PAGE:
Sunday, January 27, 2008

Suharto, Rest in _____

Suharto is dead; one of the Cold War's most confounding pro-Western dictators. The toll of his crimes was hideous. He was a fighter against national and international forces that probably would have killed as many, if not more. He allowed his country to steer from poverty to prosperity in a generation. He helped sow the seeds of deep corruption in that field of success that may yet ruin it all.

From the New York Times obituary:

Whether it was those forces or his timing, good fortune came to him. Just as the United States was becoming embroiled in Vietnam, he stood as a bulwark against Communism in Asia. The United States rewarded him with a foreign aid program that eventually amounted to more than $4 billion a year. In addition, a consortium of Western countries and Japan established an aid program that in 1994 alone totaled almost $5 billion.

In doing so, the United States, along with much of the rest of the world, showed a willingness to overlook the corruption, favoritism and violations of human rights, including the disappearance of opposition politicians, that came to characterize Mr. Suharto’s rule.

Dennis Perrin is unsparing:

From Ford to Carter to Reagan to Bush to Clinton. All averted their eyes, whistled random tunes while somehow, some way, the Indonesian state kept replenishing itself with U.S. weapons and continually found itself on the favorable end of failed diplomatic moves to end the repression and theft.

His view, like that of a good anti-Bush progressive of 2008, is limited to the U.S. As though everything wicked in the world can be laid at America's doorstep.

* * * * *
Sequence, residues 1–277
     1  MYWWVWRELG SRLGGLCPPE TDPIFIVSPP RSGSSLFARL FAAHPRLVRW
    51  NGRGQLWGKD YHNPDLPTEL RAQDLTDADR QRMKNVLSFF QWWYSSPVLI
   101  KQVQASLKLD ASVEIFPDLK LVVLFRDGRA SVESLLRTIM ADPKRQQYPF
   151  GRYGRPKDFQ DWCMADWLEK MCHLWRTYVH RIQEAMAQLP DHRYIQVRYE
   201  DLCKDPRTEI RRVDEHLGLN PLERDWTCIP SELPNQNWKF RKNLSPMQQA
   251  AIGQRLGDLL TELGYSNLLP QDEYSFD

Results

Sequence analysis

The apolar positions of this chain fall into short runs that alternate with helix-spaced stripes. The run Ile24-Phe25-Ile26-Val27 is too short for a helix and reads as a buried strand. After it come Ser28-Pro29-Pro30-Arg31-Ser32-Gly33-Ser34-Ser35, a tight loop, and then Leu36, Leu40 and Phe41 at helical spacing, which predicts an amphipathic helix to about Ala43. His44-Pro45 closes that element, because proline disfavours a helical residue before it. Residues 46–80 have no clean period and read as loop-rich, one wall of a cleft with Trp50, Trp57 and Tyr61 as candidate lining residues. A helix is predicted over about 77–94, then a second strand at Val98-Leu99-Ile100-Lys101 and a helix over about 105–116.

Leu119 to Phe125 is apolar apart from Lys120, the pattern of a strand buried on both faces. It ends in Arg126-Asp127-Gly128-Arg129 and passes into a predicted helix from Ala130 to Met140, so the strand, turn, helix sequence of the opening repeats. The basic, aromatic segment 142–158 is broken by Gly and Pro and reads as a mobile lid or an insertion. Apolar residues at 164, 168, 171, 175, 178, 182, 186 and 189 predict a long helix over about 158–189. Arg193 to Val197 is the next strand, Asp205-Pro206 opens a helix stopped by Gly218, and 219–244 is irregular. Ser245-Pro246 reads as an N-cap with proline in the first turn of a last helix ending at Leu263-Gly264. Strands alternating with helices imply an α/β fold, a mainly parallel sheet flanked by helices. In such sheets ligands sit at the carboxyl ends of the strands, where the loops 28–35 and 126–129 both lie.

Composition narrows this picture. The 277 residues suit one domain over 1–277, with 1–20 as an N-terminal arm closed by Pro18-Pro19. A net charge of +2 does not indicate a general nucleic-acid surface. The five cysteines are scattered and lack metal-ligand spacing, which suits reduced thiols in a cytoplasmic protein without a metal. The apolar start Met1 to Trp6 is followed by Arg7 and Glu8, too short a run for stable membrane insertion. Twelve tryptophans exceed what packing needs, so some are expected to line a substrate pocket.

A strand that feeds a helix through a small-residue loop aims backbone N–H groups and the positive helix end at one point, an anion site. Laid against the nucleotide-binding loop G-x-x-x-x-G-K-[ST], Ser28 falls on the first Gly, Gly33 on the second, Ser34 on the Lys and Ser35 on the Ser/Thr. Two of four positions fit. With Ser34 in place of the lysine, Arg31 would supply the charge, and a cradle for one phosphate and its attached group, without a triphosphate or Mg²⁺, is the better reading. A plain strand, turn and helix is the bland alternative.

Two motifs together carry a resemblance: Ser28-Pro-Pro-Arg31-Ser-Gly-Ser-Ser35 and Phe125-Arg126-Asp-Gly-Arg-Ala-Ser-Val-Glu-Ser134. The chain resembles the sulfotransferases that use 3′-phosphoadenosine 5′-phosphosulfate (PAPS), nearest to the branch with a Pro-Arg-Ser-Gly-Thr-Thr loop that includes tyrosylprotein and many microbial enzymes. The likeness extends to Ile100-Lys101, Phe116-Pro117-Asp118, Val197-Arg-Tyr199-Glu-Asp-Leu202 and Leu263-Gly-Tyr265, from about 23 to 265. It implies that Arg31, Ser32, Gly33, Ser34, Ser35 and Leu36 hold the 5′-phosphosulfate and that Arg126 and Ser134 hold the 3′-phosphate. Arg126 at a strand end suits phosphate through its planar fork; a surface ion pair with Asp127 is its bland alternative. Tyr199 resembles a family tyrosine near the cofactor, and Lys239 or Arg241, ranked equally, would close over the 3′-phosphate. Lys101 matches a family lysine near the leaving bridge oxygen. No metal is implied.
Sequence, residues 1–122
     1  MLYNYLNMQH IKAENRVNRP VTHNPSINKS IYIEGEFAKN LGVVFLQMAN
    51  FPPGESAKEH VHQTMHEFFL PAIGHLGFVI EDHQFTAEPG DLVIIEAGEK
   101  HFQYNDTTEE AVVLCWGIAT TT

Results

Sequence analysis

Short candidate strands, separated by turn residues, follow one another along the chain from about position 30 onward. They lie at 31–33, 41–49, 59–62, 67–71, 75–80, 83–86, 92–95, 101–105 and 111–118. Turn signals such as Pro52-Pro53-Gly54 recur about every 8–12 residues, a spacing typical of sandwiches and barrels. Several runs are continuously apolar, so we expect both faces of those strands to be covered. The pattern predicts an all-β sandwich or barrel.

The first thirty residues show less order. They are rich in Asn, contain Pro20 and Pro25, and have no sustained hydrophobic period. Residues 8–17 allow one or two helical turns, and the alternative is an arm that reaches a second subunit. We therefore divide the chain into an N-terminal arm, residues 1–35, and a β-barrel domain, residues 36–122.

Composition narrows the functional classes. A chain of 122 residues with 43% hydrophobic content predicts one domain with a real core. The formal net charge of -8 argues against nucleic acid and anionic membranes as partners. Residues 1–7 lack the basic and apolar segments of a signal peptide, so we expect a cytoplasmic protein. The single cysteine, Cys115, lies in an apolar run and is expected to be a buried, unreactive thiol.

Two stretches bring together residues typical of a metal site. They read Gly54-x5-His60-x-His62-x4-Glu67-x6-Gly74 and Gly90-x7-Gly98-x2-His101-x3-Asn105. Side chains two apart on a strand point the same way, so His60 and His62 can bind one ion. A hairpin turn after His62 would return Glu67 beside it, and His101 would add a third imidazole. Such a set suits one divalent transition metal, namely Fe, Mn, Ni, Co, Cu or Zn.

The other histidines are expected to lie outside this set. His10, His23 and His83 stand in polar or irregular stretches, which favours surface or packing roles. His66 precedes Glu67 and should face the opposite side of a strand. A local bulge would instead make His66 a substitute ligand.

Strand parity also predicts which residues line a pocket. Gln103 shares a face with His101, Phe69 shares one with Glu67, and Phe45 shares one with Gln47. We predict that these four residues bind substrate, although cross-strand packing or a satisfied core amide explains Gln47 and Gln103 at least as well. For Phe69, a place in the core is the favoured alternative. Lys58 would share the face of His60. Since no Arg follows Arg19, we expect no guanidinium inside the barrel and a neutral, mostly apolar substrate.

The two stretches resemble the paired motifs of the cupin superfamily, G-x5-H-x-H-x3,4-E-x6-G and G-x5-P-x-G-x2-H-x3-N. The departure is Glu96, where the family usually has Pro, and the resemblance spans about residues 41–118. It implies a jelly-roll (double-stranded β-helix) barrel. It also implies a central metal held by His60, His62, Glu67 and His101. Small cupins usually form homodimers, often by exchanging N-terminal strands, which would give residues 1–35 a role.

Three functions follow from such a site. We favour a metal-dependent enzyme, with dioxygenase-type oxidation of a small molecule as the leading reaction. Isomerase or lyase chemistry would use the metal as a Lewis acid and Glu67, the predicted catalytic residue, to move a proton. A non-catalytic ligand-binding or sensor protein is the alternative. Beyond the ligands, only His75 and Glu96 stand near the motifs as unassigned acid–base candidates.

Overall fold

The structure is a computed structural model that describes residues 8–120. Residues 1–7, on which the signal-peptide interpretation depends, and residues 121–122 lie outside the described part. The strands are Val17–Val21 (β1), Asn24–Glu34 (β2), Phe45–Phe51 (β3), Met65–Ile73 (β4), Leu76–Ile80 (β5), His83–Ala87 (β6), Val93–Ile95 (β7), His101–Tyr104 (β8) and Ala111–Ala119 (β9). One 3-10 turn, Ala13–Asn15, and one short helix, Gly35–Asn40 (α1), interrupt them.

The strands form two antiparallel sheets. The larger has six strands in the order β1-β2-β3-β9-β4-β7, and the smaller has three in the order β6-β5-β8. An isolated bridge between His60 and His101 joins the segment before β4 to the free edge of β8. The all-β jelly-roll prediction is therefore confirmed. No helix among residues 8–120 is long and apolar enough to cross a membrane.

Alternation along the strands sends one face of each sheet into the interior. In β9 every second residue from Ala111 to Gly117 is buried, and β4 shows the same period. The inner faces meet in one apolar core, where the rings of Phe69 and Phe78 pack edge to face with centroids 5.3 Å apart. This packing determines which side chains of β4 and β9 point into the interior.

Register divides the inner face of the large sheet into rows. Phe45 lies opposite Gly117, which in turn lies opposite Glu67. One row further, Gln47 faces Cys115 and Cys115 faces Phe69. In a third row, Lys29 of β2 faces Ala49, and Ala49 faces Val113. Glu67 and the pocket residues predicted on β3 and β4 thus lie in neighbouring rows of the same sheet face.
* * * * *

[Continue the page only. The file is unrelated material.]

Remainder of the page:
The Cold War featured a balanced, if divided, world. There was a limited hegemony for America in the West, but all its decisions in that time were warped by the power and designs of the other side. People who wish there were some "counterweight" to American power today somehow overlook the evidence of how destructive that situation was just a few decades ago.

Andrew Bartlett an Australian senator, prefers a world where the West doesn't have to make such demonic choices. So do I:

Without in any way ignoring the great difficulties faced in maintaining social stability in a country such as Indonesia, it is a false choice to suggest there has to be either economic development or respect for human rights. Increasing prosperity and helping people out of poverty is itself directly related to human rights.

It raises the question of just how large human rights abuses have to be before we express opposition to them. Or to put it another way, how severe do human rights abuses have to be before we cease turning a blind eye?

Suharto is linked directly to the deaths of over half a million people around the period when he first came to power in the mid-1960s. The number of East Timorese killed during the period of Indonesian occupation has been estimated at around 200 000 – around a third of the total population of the country. Major human rights abuses by sections of the Indonesian military also continued in many parts of the country – most notably in West Papua, where many more killings occurred.